Monday, April 26, 2010

Ian Gregson was born to John and Barbara Gregson in St Helens, Lancashire, England on September 2nd, 1962. For his first fifteen years Ian lead a perfectly normal life for a working-class English school kid. Growing up in the seventies, he enjoyed music, football and the things that teenagers got up to back then. Ian excelled at running, he won his school cross-country championship and competed at the Lancashire Junior Track and Field championships in 1978.

However on May 17th, 1978 during his school lunch hour, Ian was involved in a terrible accident that resulted in the loss of his right leg above the knee. Undaunted by this physical setback Ian continued his involvement in track and field by taking up shot put and weight training. In September 1981 in an effort to escape Thatcher-ism Ian emigrated to Canada with his parents and brother.

On landing in Burnaby, British Columbia, the Gregson's found themselves in the middle of economic downturn. Unable to secure permanent employment, Ian gained national media attention in the fall of 1982 after completing the first ever Terry Fox Run in Port Coquitlam. Shortly thereafter, Ian began to focus on competing in disability sport events and in 1983 became Canada's top amputee athlete. In 1984 and 1988 Ian represented Canada at the Paralympics, in 1986 after receiving a 4th place at the World Championships in Sweden he became the first athlete with a disability in Canada to receive a post secondary athletic scholarship. In 1987 Ian received the Chevron Canada Award for Burnaby Post Secondary Sports. More

Whilst competing for Canada Ian returned to post-secondary education at VCC Langara and then later to receive his BA in Communications from Simon Fraser University. Ian was the first person in his family to recieve a degree.

After his years in academia, Ian moved on to work in the real world with Canada's largest communications company Rogers. After, three years and the realisation the Charles Dicken's method of management was alive and well in the 1990's, Ian formed his own company GB Communications. With this company Ian began freelance writing, web design and desktop publishing. It was in this period Ian wrote for numerous magazines ranging from regular columns in Canada's leading disability magazines to a controversial article on disability and sex in Larry Flynt's Hustler. As a result Ian gained a reputation as a writer who was not afraid to tackle uncomfortable issues. Ian's book Irresistible Force - A History of Disability Sport in Canada was published in 1998. The book took a serious look at the highs and lows of the Canadian disability sport movement over the last fifty years.

At this point Ian put his company on the back burner and he began work for one of Vancouver's more reputable ISP's, Axion Internet. In 2000 Ian returned to his Alma Mater at SFU to work for the Office of Research Services. In 2008 Ian left the confines of SFU to start a new career.


Ian's first introduction to politics came by a chance meeting with Svend Robinson on vacation in Mexico in 1988. Ian volunteered on Svend's campaign in 1992 and 1996, in fact Ian and his family were featured in Svend's advertising in the 96 election. However, in 1996 the provincial NDP cut back Pharmacare coverage [which pays for prosthetic legs] by 10%. Dismayed by this cutback to healthcare, Ian wrote to then Minister Responsible Joy MacPhail and in her terse reply Ian questioned his loyalty to the NDP overall. The NDP's performance from 96 onward solidified Ian's resolve in finding an alternate political voice.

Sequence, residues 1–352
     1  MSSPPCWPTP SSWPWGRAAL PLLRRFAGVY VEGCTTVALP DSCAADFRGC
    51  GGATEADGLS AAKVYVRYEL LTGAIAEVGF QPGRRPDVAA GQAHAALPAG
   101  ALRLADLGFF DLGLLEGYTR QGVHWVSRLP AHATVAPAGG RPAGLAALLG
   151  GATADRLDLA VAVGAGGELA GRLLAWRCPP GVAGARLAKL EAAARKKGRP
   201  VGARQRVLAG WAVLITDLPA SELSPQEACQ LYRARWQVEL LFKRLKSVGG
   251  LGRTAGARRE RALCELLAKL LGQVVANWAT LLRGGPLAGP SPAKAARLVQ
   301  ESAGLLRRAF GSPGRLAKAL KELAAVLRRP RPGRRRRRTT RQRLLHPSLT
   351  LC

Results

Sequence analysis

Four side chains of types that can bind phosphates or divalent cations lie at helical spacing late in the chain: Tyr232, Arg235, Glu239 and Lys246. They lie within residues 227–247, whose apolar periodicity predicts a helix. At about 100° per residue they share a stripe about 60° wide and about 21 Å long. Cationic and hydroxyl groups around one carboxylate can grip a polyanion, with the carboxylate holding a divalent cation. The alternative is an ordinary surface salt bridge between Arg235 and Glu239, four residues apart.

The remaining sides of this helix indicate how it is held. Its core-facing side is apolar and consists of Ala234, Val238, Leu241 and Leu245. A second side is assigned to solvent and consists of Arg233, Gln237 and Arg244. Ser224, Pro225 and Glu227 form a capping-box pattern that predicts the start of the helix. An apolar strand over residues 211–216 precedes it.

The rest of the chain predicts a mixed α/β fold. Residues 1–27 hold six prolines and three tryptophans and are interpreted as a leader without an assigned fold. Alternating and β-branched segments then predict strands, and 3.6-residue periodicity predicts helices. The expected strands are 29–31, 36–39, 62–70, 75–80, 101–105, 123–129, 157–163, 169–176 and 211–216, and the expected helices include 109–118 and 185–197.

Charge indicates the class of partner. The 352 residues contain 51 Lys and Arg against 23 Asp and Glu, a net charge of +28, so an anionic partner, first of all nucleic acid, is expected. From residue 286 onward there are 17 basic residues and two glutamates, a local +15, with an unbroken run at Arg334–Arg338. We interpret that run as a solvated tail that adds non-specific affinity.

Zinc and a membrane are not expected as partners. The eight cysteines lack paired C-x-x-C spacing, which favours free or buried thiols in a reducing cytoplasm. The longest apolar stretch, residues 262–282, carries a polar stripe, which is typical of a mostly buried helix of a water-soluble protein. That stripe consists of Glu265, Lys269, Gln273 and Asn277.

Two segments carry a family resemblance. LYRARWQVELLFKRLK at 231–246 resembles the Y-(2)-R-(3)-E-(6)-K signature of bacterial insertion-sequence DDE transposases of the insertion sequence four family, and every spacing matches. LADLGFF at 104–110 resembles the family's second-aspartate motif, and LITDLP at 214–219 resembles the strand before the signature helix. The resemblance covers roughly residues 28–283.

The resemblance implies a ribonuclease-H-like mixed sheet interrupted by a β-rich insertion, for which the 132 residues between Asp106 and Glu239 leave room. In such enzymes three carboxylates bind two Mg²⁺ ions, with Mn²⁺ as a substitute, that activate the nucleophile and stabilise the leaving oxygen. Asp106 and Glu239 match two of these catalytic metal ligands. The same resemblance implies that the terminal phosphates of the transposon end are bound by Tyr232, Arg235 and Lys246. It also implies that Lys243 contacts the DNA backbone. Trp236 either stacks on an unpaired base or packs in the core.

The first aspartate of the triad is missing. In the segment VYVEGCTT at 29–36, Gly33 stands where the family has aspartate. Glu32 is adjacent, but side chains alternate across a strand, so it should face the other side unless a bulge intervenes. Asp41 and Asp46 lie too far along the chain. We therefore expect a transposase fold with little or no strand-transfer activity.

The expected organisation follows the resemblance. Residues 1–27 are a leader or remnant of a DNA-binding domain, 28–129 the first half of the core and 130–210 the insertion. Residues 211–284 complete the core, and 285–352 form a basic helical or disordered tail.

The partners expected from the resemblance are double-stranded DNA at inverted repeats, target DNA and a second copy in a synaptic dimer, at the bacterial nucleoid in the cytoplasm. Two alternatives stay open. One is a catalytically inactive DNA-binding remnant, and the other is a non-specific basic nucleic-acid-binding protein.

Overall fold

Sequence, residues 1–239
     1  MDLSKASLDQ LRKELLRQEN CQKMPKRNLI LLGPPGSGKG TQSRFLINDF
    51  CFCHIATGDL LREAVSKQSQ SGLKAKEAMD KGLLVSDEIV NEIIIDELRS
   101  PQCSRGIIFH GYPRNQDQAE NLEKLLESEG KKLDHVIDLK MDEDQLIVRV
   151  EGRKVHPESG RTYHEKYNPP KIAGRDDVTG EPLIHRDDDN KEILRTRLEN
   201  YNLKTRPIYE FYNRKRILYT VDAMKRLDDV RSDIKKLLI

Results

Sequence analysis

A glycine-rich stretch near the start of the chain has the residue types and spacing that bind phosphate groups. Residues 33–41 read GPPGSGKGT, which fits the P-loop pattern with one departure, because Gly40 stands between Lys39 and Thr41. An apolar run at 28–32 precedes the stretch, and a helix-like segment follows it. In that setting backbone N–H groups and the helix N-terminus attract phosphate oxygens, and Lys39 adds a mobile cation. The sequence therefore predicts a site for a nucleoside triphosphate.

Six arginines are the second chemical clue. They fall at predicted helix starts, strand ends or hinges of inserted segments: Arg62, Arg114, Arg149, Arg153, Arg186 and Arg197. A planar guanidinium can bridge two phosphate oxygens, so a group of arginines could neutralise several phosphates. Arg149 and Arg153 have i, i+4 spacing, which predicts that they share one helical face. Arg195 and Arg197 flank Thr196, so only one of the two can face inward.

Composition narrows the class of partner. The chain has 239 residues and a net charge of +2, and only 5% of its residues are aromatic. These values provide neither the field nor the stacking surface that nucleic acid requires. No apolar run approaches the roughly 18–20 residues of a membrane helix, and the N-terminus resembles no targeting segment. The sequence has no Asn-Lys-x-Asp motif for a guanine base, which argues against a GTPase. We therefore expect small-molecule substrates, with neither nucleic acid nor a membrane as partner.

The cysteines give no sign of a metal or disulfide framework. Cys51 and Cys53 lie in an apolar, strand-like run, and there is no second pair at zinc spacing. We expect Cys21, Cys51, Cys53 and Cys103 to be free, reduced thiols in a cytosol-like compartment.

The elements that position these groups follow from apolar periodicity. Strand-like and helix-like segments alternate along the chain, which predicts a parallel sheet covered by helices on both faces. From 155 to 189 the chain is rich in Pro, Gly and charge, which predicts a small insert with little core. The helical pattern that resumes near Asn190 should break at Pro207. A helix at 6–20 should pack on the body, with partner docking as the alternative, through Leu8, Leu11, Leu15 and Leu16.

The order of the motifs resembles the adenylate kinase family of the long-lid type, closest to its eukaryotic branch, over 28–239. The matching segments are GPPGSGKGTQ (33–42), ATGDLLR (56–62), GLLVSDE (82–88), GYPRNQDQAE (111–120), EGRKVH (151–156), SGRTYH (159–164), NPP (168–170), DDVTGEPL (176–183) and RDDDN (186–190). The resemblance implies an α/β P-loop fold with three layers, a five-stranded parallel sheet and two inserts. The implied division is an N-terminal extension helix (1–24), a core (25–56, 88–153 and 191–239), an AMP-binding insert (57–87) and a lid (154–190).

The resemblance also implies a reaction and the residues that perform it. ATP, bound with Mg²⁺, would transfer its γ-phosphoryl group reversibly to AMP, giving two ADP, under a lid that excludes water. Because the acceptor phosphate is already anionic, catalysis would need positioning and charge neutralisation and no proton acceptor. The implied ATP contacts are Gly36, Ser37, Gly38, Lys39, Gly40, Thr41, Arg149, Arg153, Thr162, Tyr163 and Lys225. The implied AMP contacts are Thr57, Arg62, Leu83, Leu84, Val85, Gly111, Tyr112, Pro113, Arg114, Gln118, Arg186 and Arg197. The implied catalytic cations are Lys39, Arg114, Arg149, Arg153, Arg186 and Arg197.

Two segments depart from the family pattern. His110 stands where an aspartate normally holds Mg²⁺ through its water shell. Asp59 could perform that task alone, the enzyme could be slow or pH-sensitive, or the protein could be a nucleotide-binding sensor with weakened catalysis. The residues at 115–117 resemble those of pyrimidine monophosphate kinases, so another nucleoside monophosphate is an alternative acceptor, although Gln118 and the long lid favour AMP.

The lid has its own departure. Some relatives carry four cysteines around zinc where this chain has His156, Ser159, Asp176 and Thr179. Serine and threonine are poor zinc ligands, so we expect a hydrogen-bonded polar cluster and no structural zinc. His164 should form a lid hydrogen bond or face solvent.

Following the federal election of 2000 Ian attended the inaugural meeting of the Vancouver Hastings Green Party Constituency Association, at that first meeting he met the leader of the party Adriane Carr.

In 2001 Ian was selected as the Green Party of BC candidate for Vancouver Hastings and received 14.8% of the popular vote. Ian has since contributed his talents to various elections including municipal and federal and numerous by-elections. Ian was also a volunteer with the Citizens Initiative for Electoral Reform which included 4000 other volunteers who signed up 98,000 British Columbians in support of electoral reform. Ian recieved almost 9% of the vote in the 2005 BC election. In 2008 Ian ran for the WLP in the Vancouver Civic election and received over 10,000 votes.


Volunteer Work and Community Service
Practically since setting foot off the plane that brought him to Canada Ian has been volunteer for one good cause after another.
In 1982 Ian and another amputee formed the BC chapter of the Canadian Amputee Sports Association, an organisation Ian was a major part of until 1996.

Also in 1982 Ian joined the student radio station at Simon Fraser University, he served as DJ, Program Director, Station Manager and just about every other position until leaving to work at Rogers in 1990.

In 1992 Ian became the first person with a disability to chair the BC Sport and Fitness Council for the disabled [now BC Disability Sports]. This organisation is the umbrella group that organises the BC Disability Games in cooperation with a host community.

In 1996 Ian became a board member with the BC Coalition of People with disabilities, an advocate group for BC's disability population. In 1998 Ian joined the Gordie Howe disabled athletes Fund, it was here that Ian received his major inspiration for writing his book "Irresistible Force".

In 2001 Ian became a board member of the Simon Fraser University Alumni Association. In 2002 Ian volunteered his time at the monthly SFU Open Mic night which plays host to the young talented performers of Burnaby and Vancouver.

In 2003 Ian played a significant role in the NO vote for the 2010 Olympics. Ian was interviewed by local and national media as the only athlete that was voicing concerns over the 2010 Games. Today Ian is manager of the web site the only real watchdog of the Vancouver Olympics.